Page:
Pacific decadal oscillation
and El Niño, as the likely cause. Elevated water temperatures reduced the abundance of anchovies, sardines and mackerel, principal components of the sea lion pup diet during nursery season.[50] This caused many sea lion pups to starve, while others died when they took to open waters in search of food at too early an age [51]. Several months earlier, in the Summer of 2014, a large number of Cassin's auklet chicks died during the fledging period due to similar circumstances brought about by elevated water temperatures.[52]

Oregon
Oregon
and Washington state governments annual killings[edit] In November 2018, the State of Oregon
Oregon
obtained a permit to kill 93 sea lions per year below Willamette Falls. Under a similar program, Oregon
Oregon
and Washington had killed over 150 sea lions on the Columbia river by January 2019.[53][54]

References[edit]

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^ 鹿児島県薩摩川内市で種不明アシカ出現- 海棲哺乳類情報データベース

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^ a b c d Flatz, Ramona; González-Suárez, Manuela; Young, Julie K.; Hernández-Camacho, Claudia J.; Immel, Aaron J.; Gerber, Leah R. (2012). Fenton, Brock (ed.). "Weak Polygyny in California Sea Lions and the Potential for Alternative Mating Tactics". PLoS ONE. 7 (3): e33654. Bibcode:2012PLoSO...733654F. doi:10.1371/journal.pone.0033654. PMC 3303858. PMID 22432039.

^ Gisiner, Robert; Schusterman, Ronald J. (1991). "California sea lion pups play an active role in reunions with their mothers". Animal Behaviour. 41 (2): 364–66. doi:10.1016/S0003-3472(05)80488-9.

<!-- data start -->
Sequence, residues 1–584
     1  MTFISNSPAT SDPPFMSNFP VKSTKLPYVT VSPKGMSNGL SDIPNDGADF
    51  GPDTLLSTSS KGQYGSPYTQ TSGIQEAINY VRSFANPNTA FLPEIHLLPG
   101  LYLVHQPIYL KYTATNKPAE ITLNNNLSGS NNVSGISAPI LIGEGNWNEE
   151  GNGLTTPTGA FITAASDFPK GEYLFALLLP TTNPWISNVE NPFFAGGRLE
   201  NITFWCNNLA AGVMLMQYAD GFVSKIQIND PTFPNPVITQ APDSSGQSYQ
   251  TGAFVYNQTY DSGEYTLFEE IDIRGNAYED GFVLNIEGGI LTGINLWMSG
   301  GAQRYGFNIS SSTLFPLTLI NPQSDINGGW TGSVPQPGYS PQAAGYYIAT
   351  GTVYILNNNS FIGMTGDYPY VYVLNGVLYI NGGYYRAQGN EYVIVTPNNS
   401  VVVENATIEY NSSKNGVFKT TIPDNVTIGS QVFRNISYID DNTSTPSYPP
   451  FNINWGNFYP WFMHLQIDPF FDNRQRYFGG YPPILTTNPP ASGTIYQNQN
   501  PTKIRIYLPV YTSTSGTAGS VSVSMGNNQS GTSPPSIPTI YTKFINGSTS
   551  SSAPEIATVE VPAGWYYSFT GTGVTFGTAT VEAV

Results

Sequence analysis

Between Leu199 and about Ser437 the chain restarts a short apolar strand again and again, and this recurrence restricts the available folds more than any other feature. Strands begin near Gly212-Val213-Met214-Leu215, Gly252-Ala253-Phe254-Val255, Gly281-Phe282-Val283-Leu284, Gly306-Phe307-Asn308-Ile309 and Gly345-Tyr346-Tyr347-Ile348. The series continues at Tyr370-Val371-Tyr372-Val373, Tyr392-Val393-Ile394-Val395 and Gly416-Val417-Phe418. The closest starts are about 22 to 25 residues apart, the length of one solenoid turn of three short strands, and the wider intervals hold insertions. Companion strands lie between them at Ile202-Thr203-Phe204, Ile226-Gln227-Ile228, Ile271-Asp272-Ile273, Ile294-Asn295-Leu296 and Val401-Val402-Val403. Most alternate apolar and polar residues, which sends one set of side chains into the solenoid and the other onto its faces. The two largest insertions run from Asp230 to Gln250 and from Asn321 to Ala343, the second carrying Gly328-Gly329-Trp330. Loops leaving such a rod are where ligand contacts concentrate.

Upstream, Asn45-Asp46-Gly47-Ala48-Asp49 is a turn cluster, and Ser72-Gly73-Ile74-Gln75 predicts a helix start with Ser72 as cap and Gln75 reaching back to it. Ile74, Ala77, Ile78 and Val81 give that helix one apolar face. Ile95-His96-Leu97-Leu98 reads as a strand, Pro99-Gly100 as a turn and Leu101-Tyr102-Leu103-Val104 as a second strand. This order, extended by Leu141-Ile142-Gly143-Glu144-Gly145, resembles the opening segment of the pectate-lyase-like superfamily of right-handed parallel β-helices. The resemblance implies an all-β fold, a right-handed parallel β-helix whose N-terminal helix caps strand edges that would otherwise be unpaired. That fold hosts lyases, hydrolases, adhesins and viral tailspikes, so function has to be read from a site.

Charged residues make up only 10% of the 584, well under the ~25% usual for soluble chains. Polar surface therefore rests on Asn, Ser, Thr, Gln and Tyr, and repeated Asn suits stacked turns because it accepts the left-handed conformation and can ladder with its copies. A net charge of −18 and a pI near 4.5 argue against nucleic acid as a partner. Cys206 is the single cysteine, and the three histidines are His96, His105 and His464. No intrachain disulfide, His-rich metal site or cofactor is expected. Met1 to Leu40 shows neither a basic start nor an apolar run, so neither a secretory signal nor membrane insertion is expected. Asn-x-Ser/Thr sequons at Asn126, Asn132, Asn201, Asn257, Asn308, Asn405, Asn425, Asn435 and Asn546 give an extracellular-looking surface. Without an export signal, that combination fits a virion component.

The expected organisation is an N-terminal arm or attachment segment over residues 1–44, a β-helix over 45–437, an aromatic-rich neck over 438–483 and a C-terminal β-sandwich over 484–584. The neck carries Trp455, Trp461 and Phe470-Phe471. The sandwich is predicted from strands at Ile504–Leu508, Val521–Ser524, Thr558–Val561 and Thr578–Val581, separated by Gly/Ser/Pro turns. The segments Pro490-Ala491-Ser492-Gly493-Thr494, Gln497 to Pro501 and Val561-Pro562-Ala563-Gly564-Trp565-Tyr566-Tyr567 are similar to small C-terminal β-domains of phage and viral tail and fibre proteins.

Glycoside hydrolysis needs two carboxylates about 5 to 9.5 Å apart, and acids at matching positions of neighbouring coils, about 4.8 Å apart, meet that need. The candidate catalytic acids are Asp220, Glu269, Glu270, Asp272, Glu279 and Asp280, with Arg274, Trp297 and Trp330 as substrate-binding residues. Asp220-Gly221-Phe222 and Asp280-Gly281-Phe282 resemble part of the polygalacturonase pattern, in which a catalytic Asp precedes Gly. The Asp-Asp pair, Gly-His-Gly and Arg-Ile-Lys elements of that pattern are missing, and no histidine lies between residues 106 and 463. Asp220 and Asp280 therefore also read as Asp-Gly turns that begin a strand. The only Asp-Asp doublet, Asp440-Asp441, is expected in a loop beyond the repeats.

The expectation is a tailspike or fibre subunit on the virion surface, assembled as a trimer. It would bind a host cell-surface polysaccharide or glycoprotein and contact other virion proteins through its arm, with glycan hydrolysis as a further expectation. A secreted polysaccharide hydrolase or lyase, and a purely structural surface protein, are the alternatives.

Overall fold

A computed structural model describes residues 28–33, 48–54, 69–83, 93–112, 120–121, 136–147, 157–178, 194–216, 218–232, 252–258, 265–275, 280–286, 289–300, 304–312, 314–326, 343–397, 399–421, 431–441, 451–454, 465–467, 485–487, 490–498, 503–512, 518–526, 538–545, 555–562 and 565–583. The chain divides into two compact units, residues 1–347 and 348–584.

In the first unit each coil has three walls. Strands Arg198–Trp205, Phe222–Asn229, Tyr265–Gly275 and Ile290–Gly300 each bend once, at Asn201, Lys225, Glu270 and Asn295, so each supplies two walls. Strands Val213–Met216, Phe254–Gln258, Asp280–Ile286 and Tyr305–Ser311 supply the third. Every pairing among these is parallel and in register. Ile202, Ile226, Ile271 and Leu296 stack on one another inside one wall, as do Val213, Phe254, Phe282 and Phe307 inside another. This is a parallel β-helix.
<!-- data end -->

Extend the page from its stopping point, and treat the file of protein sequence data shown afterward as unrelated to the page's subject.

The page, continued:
^ a b Nowak, Ronald M. (2003). Walker's Marine Mammals of the World. Johns Hopkins University Press. pp. 80–83. ISBN 978-0801873430.

^ a b Peterson, Richard S.; Bartholomew, George A. (1969). "Airborne vocal communication in the California sea lion, Zalophus californianus". Animal
Animal
Behaviour. 17 (1): 17–24. doi:10.1016/0003-3472(69)90108-0.

^ Schusterman, Ronald J.; Gentry, Roger; Schmook, James (1966). "Underwater Vocalization by Sea Lions: Social and Mirror Stimuli". Science. 154 (3748): 540–542. Bibcode:1966Sci...154..540S. doi:10.1126/science.154.3748.540.

^ Schusterman, Ronald J.; Kastak, David (1993). "A California sea lion ( Zalophus
Zalophus
californianus) is capable of forming equivalence relations" (PDF). Psychological Record. 43: 823–839. ISSN 0033-2933.

^ Gisiner, R.; Schusterman, R.J. (1992). "Sequence, syntax, and semantics: Responses of a language-trained sea lion (Zalophus californianus) to novel sign combinations" (PDF). Journal of Comparative Psychology. 106: 78–91. doi:10.1037/0735-7036.106.1.78.

^ Stephens, Tim (1 April 2013). " Sea lion
Sea lion
defies theory and keeps the beat". University of California, Santa Cruz. Retrieved 12 April 2013.

^ Cook, F.; Rouse, A.; Wilson, M.; Reichmuth, M. (2013). "A California sea lion ( Zalophus
Zalophus
californianus) can keep the beat: motor entrainment to rhythmic auditory stimuli in a non vocal mimic". Journal of Comparative Psychology. 127 (4): 412–27. doi:10.1037/a0032345. PMID 23544769.